Wed. Nov 20th, 2019

Millennials love plants so much it’s convincing tech companies to replace office artwork with ‘living walls’


Millennials love plants so much it’s convincing tech companies to replace office artwork with ‘living walls’

Tech companies and VC firms are increasingly incorporating plants into corporate offices and retail spaces. 

There are a few reasons why this green design movement is taking off, and they have to do with millennials’ preferences as they move up in the workforce, according to Stacy Colman of Plant Wall Design.

Millenials love plants. Amazon now carries live houseplants, and other direct-to-consumer plant start-ups like The Sill, Bloomscape, and Horti, are appearing, offering services like monthly subscriptions and “jungle” kits — plant starter kits sold as a theme, like “pet-friendly” or “hard to kill.”

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Serene Buckley of Habitat Horticulture, another company that does living wall installations, also noted the positive psychological effects that plants can have on stress and productivity.

Millennial’s love of plants and wellness, along with businesses’ incentives to make offices and stores comfortable so people stay longer, have made the perfect environment for plant walls to flourish.

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Buckley told Business Insider in an email that logo walls are a particularly hot trend for tech companies, like this one at eBay that incorporated flowers in its office in San Jose, California.

While millennials reportedly “kill” various industries, the generation has embraced “plant parenthood” and is purchasing species of plants like monstera and pothos with a frequency older generations haven’t. The trend is alive in Poshmark’s office in Redwood City, California.

As millennials are bringing plants into their homes, they also want plants in the office, Colman told Business Insider. Chinese gaming company and media conglomerate Tencent also has a logo incorporated into its living wall in its Palo Alto, California office.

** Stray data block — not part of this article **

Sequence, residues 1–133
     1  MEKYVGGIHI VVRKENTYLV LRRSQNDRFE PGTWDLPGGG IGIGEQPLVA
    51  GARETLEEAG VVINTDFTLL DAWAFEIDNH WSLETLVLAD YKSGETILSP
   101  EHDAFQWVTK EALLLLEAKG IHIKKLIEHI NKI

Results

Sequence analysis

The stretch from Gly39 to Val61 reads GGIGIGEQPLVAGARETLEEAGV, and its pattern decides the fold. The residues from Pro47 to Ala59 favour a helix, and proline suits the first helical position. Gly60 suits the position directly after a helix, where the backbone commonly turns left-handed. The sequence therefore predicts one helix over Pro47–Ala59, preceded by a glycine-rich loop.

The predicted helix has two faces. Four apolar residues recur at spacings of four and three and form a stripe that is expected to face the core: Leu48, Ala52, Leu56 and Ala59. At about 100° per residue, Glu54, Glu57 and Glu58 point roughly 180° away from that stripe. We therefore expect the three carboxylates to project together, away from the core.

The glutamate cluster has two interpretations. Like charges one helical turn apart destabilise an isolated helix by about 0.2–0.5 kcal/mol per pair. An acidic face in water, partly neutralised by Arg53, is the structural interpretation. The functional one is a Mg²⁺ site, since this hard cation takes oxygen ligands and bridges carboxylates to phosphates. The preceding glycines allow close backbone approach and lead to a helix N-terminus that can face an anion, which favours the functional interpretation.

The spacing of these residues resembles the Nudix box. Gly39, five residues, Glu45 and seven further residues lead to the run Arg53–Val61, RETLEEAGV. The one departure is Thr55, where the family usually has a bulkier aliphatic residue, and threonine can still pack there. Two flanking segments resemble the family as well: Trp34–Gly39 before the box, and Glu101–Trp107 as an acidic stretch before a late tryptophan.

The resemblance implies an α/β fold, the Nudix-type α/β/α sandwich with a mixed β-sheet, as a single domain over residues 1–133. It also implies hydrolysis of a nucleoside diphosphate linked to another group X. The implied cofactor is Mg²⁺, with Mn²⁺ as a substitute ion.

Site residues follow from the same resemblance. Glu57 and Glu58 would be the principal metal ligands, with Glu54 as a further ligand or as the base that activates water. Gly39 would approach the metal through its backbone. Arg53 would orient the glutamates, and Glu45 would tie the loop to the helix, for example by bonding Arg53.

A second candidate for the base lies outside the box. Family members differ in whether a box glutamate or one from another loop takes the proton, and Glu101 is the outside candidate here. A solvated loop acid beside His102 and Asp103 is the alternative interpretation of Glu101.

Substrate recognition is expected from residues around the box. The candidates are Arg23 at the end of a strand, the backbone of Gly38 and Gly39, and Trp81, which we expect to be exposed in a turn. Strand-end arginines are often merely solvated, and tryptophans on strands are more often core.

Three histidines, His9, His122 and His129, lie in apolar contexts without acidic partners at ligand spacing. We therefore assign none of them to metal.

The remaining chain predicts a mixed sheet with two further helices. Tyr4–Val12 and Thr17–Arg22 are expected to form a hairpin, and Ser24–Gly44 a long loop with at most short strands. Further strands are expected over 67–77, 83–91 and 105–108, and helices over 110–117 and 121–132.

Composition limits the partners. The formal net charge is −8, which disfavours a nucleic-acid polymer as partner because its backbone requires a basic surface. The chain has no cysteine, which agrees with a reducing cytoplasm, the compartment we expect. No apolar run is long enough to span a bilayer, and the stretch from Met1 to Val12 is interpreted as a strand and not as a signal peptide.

Allbirds’ office in San Francisco has two large plant installations with different shades of green, which Colman says makes the office feels more like a home than bare white walls.

Millennials are the “wellness generation,” and products promising wellness are part of an industry is worth over $4 trillion globally, according to a report by the Global Wellness Institute. The Salesforce headquarters in San Francisco has a plant installation, which Buckley notes can have positive health effects.

The company’s plant wall incorporates moss instead of leafy plants, which designers say requires less care.

Millennials care about their own wellness, and also the health of the environment. Positive health effects of having plants around are well understood — they can clean the air by literally producing oxygen from carbon dioxide. They can also absorb noise pollution, like at Slack’s office in San Francisco.

Companies like Google are using millennials’ plant obsession to their advantage in the Sunnyvale, California campus.

Colman explained that where a company might have previously installed a large, expensive piece of art, now it sees a plant wall as an option with “more bang for their buck,” and she described these walls as “art with benefits.”

Venture Capital firms have jumped on the trend. This installation welcomes employees and clients at VC Ridge Ventures in San Francisco.

Close-up, the details designers put into these pieces are visible, with different colors and textures to keep them interesting.

Colman said that plant walls give an office environment “a different tenor,” almost making employees feel like they’re working in a garden, like in San Francisco venture capital firm Combine.

Office perks used to include junk food and catered lunches, but for a health-conscious generation, plant walls could keep them at work longer. This installation is located in Open Table’s San Francisco office.

The newly redesigned Apple store on Fifth Avenue features two large plant walls next to benches and charging stations.

Like in an office, the walls can make an environment more welcoming, encouraging people to stay longer in the retail space.